Practicing Tai Chi requires xu ling ding jin.  Spirit must penetrate the crown of the head.  So-called “xu ling ding jin” means that the head and face must be straight, and the bai hui acupoint (at the crown of the head) must gently push upward, as if a cord were pulling up the crown of the head and suspending it from above.  The lower jaw is slightly tucked in, the tip of the tongue pressed against the palate.  It is as if one were carrying a bowl of water on the crown of the head without allowing it to spill.  This is entirely accomplished with the spirit and yi.  At all times one maintains anawake, light, subtle ling feeling.  One has the quality of “raising one’s head up to the blue sky while one’s feet tread beneath the ground.”  But this is entirely a matter of yi: one must not use force to push the head upward.  If one uses force to push up the head, one will inevitably become stiff, rigid and inflexible, thus losing the feeling of ling.  In practicing Tai Chi, one need only constantly maintain a feeling of xu ling ding jin, then one’s spirit will spontaneously rise upward, and one’s qi and blood will flow freely.

4. Qi Sinks Down to the Dan Tian ( qi chen dan tian )

In practicing Tai Chi, the emphasis is on xu ling ding jin (see above) while at the same time qi sinks down to the dan tian.  The dan tian (“cinnabar field”) is a point 3 cun below the navel.  When practicing Tai Chi, one consciously guides one’s breathing, using intention to sink the qi down to the dan tian.  Those who regularly practice Tai Chi use abdominal breathing, but beginning students of Tai Chi should take care not to forcefully sink qi down to the dan tian.  One must not purposefully stifle one’s breath in order to pump the abdomen like a bellows.  It must be understood that qi sinking down to the dan tian is the natural result of the whole body relaxing and opening up.  The entire body must be relaxed and open, easy and calm.  First relax the mind and then the body.  Once both the mind and body are entirely relaxed, only then will the qi naturally sink down into the dan tian.  The student must always bear this in mind.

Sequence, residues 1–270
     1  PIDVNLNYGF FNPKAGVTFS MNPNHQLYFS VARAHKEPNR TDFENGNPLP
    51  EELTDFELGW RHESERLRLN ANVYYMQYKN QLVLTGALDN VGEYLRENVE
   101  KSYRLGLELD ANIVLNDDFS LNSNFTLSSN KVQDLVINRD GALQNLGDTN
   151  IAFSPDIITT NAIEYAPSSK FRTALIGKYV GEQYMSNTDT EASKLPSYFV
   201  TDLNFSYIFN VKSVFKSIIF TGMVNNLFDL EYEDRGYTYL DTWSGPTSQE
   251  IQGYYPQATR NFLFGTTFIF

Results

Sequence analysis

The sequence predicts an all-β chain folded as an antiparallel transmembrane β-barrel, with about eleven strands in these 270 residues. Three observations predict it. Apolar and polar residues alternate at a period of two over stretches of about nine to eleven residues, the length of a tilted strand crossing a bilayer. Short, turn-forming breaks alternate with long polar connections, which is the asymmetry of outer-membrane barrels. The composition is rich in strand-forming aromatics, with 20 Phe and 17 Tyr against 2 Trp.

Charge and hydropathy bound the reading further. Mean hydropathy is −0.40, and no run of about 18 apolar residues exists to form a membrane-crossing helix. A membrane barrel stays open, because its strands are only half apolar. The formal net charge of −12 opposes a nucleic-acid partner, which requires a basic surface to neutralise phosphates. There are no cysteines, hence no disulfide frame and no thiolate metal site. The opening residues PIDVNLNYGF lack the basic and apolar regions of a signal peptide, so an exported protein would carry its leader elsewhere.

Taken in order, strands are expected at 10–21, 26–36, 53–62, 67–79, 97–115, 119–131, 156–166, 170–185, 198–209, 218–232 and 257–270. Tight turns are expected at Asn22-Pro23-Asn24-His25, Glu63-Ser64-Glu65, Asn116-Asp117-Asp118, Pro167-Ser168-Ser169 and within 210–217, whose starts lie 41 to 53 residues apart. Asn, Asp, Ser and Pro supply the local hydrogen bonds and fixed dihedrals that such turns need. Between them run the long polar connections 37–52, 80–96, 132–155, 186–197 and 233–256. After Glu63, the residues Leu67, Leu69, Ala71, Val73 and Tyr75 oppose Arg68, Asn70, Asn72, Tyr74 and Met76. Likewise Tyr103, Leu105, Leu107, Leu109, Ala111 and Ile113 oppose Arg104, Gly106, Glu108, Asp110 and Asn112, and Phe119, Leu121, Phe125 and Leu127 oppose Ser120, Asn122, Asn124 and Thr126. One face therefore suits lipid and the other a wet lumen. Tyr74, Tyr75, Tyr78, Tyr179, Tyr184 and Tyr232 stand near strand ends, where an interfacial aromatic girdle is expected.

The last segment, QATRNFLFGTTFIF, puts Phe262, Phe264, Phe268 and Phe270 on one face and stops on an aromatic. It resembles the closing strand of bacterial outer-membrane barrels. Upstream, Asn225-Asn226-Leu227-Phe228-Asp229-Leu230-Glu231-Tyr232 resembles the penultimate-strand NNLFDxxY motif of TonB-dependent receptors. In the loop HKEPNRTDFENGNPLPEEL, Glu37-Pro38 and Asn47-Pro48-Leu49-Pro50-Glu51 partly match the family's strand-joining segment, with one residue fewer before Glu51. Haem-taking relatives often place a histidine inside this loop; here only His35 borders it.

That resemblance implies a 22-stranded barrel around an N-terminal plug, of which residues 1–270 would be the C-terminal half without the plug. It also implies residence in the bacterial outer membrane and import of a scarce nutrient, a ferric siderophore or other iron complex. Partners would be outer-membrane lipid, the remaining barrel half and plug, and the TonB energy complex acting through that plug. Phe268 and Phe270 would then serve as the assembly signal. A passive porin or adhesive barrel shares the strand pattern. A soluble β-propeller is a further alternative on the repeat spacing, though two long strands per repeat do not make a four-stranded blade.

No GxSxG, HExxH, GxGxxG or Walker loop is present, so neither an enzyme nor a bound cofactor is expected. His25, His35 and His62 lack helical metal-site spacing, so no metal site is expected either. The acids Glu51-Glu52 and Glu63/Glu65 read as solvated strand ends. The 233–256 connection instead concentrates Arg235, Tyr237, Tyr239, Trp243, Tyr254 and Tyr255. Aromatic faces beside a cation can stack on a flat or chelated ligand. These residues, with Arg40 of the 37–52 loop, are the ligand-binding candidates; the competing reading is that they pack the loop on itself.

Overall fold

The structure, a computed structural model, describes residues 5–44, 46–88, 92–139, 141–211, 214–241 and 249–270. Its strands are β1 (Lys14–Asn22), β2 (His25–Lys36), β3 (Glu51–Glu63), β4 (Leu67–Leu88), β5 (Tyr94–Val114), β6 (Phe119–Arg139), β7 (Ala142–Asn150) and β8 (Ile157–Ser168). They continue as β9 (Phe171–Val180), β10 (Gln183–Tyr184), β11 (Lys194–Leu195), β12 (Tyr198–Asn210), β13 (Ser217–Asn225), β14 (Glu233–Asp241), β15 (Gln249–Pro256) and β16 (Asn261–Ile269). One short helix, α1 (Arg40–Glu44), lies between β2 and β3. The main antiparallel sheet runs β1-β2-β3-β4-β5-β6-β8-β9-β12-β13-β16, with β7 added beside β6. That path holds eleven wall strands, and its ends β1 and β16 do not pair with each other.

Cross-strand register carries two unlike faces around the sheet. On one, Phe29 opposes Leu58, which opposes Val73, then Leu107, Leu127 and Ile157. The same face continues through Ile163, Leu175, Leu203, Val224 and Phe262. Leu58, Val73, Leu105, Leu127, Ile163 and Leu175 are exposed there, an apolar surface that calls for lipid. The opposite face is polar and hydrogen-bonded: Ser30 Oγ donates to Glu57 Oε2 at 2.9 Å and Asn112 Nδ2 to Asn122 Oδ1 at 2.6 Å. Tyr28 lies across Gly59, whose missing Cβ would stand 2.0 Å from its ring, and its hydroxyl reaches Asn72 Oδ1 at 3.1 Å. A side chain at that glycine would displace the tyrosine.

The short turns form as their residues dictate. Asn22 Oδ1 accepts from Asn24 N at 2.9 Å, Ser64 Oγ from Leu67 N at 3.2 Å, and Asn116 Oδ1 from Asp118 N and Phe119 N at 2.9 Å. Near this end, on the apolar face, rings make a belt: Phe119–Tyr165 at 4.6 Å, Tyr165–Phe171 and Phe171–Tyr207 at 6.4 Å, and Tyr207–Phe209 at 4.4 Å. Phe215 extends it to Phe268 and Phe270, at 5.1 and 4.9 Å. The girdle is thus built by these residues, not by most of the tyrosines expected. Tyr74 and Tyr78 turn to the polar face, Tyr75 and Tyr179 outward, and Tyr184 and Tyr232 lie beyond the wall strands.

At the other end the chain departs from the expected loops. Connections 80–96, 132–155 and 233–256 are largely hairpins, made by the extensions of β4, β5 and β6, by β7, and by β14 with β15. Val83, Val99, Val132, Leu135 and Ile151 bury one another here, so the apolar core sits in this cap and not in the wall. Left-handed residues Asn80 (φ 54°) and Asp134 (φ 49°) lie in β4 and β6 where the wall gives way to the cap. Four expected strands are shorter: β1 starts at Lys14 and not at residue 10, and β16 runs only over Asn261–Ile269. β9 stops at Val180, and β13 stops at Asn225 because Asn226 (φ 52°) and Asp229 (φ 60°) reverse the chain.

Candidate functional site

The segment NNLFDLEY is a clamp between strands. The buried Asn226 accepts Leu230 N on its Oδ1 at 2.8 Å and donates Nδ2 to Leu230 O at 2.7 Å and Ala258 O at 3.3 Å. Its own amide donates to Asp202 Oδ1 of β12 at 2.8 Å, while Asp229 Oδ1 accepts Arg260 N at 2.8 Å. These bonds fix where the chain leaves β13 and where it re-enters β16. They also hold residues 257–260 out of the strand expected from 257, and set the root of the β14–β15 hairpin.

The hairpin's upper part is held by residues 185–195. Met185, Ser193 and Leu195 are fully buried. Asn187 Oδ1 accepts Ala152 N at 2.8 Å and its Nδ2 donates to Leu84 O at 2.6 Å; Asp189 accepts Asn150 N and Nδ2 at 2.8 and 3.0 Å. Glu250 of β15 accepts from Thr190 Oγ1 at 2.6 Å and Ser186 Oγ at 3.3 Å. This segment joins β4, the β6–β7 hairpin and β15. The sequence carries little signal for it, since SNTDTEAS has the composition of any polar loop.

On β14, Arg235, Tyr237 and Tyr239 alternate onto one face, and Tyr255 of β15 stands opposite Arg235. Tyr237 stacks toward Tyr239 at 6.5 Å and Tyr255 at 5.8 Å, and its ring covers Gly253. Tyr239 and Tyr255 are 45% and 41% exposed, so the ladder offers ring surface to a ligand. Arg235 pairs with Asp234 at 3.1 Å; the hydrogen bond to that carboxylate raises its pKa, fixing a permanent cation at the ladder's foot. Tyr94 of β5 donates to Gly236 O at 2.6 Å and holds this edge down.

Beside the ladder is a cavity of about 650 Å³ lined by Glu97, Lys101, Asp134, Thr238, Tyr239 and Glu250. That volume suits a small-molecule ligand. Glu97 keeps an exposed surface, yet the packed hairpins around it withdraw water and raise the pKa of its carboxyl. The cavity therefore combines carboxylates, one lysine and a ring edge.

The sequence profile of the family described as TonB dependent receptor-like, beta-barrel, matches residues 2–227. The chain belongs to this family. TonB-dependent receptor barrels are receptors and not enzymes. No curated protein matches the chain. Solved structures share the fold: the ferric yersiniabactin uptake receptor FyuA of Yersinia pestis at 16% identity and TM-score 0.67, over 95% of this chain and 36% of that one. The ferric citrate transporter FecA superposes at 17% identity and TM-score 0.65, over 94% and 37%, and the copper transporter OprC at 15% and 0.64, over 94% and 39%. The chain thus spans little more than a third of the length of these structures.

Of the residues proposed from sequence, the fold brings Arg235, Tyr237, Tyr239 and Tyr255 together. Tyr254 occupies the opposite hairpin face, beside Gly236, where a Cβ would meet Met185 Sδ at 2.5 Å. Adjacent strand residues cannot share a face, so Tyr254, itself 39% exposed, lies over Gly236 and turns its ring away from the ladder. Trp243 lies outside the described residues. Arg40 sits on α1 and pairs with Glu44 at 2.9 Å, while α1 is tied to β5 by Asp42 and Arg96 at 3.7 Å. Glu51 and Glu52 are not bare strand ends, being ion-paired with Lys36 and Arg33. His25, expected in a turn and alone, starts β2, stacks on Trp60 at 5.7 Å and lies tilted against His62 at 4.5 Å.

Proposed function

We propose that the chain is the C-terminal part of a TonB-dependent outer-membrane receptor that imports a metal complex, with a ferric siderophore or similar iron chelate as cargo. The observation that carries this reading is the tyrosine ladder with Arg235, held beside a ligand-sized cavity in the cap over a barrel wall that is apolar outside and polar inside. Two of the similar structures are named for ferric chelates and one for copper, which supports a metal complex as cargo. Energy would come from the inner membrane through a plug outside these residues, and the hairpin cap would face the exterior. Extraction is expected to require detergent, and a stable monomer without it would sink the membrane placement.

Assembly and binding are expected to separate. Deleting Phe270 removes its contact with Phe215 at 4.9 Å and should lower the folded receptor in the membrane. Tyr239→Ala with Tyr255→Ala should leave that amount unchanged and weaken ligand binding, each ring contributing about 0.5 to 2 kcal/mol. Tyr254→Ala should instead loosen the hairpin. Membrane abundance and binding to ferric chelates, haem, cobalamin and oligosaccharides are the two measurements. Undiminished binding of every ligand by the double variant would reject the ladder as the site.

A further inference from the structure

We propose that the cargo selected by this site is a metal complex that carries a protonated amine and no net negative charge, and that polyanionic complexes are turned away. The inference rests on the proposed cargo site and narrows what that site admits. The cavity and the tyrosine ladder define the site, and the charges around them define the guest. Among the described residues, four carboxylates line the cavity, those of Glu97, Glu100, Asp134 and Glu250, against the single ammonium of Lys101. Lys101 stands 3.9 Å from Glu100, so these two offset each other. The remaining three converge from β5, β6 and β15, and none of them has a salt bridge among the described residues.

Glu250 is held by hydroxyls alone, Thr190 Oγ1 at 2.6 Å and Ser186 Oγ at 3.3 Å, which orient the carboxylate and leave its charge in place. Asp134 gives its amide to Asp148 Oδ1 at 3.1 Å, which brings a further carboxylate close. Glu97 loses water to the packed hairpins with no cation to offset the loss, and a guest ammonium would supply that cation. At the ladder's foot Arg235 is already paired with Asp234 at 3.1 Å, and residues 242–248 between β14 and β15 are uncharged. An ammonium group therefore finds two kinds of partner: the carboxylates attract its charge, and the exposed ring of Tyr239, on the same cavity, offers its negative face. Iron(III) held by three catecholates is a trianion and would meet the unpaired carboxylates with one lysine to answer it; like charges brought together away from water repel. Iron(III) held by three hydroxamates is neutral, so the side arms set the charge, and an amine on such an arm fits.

5. Relax the shoulders and allow the elbows to hang
song jian chui zhou )

“Relax the shoulders and allow the elbows to hang” is also known as “Relax the shoulders and drop the elbows.”  “Relax the shoulders” means the shoulders relax and sink downward.  This is also known as “settling” the shoulders.  The shoulders must not round forward or shrug upward.  When the shoulders are hunched, one’s yi and qi have a tendency to float upward, inhibiting the free circulation of qi and blood in the body.  “Allow the elbows to hang” means the elbows hang down with a relaxed, heavy, sinking quality.  When one practices Tai Chi the shoulders must not be squared and stiff.  The arms should be slightly bent, maintaining a natural curve.  The elbows should be relaxed and dropped.  One feels a heavy, sinking force inside the arms.  This force feels heavy but at the same time soft and elastic, rather than stiff.  The force is outwardly soft but inwardly strong, “like iron wrapped in cotton.”  After much practice, this force will penetrate deep inside the body, and one’s power will become unlimited.

6. Slightly concave the chest and pull up the back
han xiong ba bei )

When practicing Tai Chi, one must slightly concave the chest and pull up the back.  In Chinese, the expression “slightly concave the chest” is literally “the chest contains emptiness” or simply “the chest contains.”  It means that the chest is slightly sunken inward in a comfortable, relaxed, natural manner.  Concaving the chest in this way allows the qi to sink to the dan tian.  The chest must not be pushed out.  Pushing out the chest and squaring the shoulders military-style obstructs the smooth flow of breath.  But, at the same time, you must not purposefully draw in the chest and round the shoulders.  Purposefully drawing in the chest so that one becomes hunchbacked will narrow the chest cavity thus preventing the diaphragm from descending, obstructing breathing and inhibiting blood flow to the heart.  Such a posture will negatively influence both one’s Tai Chi form and one’s health.  Slightly concaving the chest is very important in Tai Chi combat where it is an indispensable method of defense by which one “contains” an opponent’s attack (“transforms it into emptiness”).